Figuring out your love language can help improve your relationships by making you feel more connected to your loved ones. But have you ever considered how your love language may be affecting your finances?
According to author and counselor Gary Chapman, there are five different types of love languages that dictate how we prefer to give and receive love:
- Words of affirmation
- Physical touch
- Acts of service
- Quality time
There are lots of love language quizzes that can help you figure out which type best describes you if you don’t already know. But how does your love language affect your finances?
How Your Love Language Affects Your Finances
Your love language is part of who you are as a person. As a result, it can affect your behavior and how you approach money. Here’s a breakdown of some of the financial pitfalls each love personality is prone to.
Giving someone a handpicked gift is a great way to show them you love them, but it can leave a big hole in your wallet. Buying friends and family presents at the mall all the time can get expensive.
If you’re creative and can craft homemade gifts for loved ones, you can save a lot of money while still honoring your love language and desire to give gifts. You can also channel your generosity into writing heartfelt cards and baking treats instead of buying people costly presents.
You may also enjoy treating yourself to the finer things if gift-giving is your love language. However, financial security is one of the biggest gifts you can give yourself. If you reframe frugality as a gift instead of punishment or deprivation, it may be easier to cut back on spending.
Quality time is my love language, which can get expensive speaking from experience. Spending time with friends or family usually involves going out to eat, grabbing a coffee, or getting drinks. And if you’re like me, face-to-face connections are important to you, so you want to see friends frequently to keep those relationships alive.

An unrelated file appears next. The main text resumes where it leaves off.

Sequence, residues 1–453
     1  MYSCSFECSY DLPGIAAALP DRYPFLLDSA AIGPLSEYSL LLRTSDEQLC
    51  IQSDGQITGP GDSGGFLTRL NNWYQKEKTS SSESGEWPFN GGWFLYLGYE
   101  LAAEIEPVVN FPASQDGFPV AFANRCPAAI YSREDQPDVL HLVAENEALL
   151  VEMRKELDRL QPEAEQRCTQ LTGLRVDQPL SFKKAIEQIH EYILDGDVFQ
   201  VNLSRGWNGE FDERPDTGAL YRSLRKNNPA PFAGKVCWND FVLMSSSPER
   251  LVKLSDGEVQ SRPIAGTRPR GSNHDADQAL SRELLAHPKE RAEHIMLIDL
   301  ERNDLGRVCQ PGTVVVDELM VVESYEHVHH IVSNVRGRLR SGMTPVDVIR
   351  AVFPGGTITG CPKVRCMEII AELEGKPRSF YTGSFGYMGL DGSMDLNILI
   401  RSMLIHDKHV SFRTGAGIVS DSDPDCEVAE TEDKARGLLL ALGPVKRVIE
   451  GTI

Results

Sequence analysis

If you share this love language, it’s important to find other ways to spend time with loved ones that don’t involve spending money. Instead of going out to eat, suggest that you and your friend pack a picnic lunch and hang out at a local park. You could also host a potluck at your house or invite the gang over for a board game night.
Remember that you don’t have to spend a lot of money to create memories with your family and friends. Free experiences can be just as fun as paid ones with the right company!
I also enjoy going on “money dates” as a way to spend time with my partner while improving our finances and communication. We usually take a walk or park the car at a scenic overlook and discuss our financial goals, budget, and anything we want to change going forward. It’s a nice chance to connect and make sure our financial plans are still working for both of us.
Acts of Service
People with acts of service as a love language will go out of their way to help the ones they love. However, you have to be careful not to let people take advantage of your generosity. Don’t be too quick to give people the shirt off your back and help them out financially with loans. Assume any money that you lend won’t be paid back and only give away amounts you can afford to lose. This will help prevent any resentments from popping up and jeopardizing your relationships.